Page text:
Earlier this year I read Leaves of Grass by Walt Whitman and am currently about half way through The Complete Works of Robert Frost. A good year for reading poetry as it turns out. You can put it down and come back without the catch up required by a story or continuing theory. This could possibly explain why lately my favorite word is autumnal. Such a descriptive vocabulary word. And today I’ve lived up to it with pumpkin ice cream in the freezer. One large and six individual pumpkin pies. Yet, it is the second definition of the noun autumn that grabs my attention most this fall. Maturity as the verge of decline–hmmm… no wonder we avoid it so.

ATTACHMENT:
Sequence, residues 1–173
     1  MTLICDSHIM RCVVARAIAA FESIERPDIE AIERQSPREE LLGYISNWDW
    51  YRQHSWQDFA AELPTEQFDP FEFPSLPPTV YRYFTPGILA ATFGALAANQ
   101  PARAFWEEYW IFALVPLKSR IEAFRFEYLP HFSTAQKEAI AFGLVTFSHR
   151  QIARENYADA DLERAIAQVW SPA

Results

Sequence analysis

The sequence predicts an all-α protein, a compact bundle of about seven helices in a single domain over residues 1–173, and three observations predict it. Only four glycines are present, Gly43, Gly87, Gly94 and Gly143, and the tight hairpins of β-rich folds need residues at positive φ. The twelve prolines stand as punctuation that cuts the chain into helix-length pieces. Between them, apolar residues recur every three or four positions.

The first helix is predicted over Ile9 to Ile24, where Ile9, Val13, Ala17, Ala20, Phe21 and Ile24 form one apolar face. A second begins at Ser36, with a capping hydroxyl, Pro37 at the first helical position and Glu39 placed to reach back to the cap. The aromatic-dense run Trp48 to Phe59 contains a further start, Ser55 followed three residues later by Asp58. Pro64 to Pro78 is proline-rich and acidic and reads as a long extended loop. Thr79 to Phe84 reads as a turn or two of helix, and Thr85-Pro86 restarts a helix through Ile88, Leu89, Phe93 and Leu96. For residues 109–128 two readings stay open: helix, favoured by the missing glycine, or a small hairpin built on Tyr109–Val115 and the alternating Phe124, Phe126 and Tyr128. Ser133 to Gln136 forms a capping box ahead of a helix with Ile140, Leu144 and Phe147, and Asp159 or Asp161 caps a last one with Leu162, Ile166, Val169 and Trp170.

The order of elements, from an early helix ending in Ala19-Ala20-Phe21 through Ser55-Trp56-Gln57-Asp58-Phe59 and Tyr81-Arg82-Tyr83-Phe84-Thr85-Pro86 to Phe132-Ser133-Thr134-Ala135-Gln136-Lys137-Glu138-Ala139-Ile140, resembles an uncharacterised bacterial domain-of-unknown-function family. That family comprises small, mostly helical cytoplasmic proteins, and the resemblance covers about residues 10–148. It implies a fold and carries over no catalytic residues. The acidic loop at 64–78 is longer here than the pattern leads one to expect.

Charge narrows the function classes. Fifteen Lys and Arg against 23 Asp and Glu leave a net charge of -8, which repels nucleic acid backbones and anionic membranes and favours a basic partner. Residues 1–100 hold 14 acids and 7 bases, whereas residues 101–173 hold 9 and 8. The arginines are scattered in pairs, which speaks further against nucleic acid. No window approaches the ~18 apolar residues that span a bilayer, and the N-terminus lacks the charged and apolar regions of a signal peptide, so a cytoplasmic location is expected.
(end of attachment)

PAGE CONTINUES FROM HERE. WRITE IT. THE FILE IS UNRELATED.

1. The season of the year between summer and winter, lasting from the autumnal equinox to the winter solstice and from September to December in the Northern Hemisphere; fall.2. A period of maturity verging on decline.The American Heritage® Dictionary of the English Language, Fourth Edition copyright ©2000 by Houghton Mifflin Company. Updated in 2009. Published by Houghton Mifflin Company. All rights reserved. autumnal [ɔːˈtʌmnəl]
Collins English Dictionary – Complete and Unabridged 6th Edition 2003. © William Collins Sons & Co. Ltd 1979, 1986 © HarperCollins Publishers 1991, 1994, 1998, 2000, 2003